The Holyrood baby already faces the attainment gap

Written by Tom Freeman on 23 June 2016 in Feature

What does Save the Children's research on the attainment gap mean for Kirsty, our fictional Holyrood baby? 

Baby book N - credit Stacy Spensley​

Scotland’s chief statistician revealed this week that while the number of school leavers going to positive destinations is increasing, Scotland’s attainment gap between rich and poor pupils persists.

Research produced last week by Save the Children showed the attainment gap is often created before children even reach school.

Kirsty, the Holyrood baby, is six weeks old today. She has just smiled for the first time. Her brain is developing rapidly and has been preparing her for the world since she was in the womb. She is currently making 1,000 synaptic connections a second, so every moment she is spoken to - or ignored - makes a difference.

She is due at the GP for a health check. As well as checking her leg and hip joints, spine, reflexes, eyes and genitals and listen to her heart, the doctor will ask about that smile.


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At least 7,000 children in Scotland have problems in language and speech development in the early years, according to the Save the Children research, and are twice as likely among more deprived communities.

A health visitor will also assess Kirsty’s development between 27 and 30 months. By that time Kirsty’s mum Caley may have returned to work.

Save the Children’s policy manager, Vicky Crichton tells Holyrood support needs to be there for them.

“At her 27-30 month child health check, mum Caley will be asked about how well Kirsty is developing – whether she is able to walk up the stairs unaided, jump and draw a line – questions designed to test her fine motor and problem solving skills,” she says.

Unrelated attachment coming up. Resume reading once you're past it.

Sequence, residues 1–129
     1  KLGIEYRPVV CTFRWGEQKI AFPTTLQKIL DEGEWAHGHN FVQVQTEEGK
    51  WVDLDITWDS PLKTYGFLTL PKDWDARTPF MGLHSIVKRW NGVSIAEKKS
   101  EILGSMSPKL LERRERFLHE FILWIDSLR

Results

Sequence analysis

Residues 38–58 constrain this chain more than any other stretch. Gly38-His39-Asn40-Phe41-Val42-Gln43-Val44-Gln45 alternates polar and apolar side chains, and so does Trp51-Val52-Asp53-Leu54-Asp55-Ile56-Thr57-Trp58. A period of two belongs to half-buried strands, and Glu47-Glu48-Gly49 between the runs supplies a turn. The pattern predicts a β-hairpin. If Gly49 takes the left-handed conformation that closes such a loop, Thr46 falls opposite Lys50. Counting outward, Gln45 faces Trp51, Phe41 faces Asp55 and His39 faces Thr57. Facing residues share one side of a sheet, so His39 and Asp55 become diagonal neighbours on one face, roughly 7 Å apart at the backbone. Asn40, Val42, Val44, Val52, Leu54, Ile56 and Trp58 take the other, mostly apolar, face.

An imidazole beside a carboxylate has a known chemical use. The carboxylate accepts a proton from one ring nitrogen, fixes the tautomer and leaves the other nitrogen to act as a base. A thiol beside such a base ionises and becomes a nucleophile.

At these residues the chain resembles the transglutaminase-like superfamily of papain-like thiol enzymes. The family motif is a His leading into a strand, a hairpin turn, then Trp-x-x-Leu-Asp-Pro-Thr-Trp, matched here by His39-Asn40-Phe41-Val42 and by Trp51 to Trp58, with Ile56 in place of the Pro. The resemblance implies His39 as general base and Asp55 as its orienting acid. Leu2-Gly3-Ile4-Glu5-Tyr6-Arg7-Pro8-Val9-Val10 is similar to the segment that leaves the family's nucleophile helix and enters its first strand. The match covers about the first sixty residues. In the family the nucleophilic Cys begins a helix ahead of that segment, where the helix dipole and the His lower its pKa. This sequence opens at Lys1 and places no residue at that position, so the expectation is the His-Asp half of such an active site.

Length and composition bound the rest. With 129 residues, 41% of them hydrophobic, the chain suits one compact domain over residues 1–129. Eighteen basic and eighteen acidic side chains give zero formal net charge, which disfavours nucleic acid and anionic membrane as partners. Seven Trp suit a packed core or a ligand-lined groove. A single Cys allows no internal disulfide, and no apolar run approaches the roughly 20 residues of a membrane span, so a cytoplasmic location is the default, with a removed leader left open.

She’ll also be assessed on her language and communication skills.

“For many children growing up in poorer households, this can be problematic. Kirsty is less likely to have access to books and toys that help her learn and develop in the home,” says Crichton.

“Caley may be stressed about trying to make ends meet, and finding it difficult to dedicate quality time that can help Kirsty’s early language come along quickly, such as reading story books, singing songs and having rich conversations that expose her to lots of new words. And although Kirsty will qualify for free nursery hours, she may not be taking those up and benefitting from the support that a quality early learning setting can provide.”

By the time she’s three, Save the Children hopes that she’s in the position where mum Caley has extra resources and support to help Kirsty with her speech and language.

“There’s much that can be done to ensure that Kirsty doesn’t start behind when she reaches primary school. If there was a qualified early years teacher in Kirsty’s nursery and extra training on how to support early language development for those who work in childcare, it might give Kirsty the boost she needed to start school with the same language skills as her better off peers,” says Crichton.

Kirsty’s brain development right now, however, depends greatly on her immediate surroundings and, ultimately, Caley’s parenting style.

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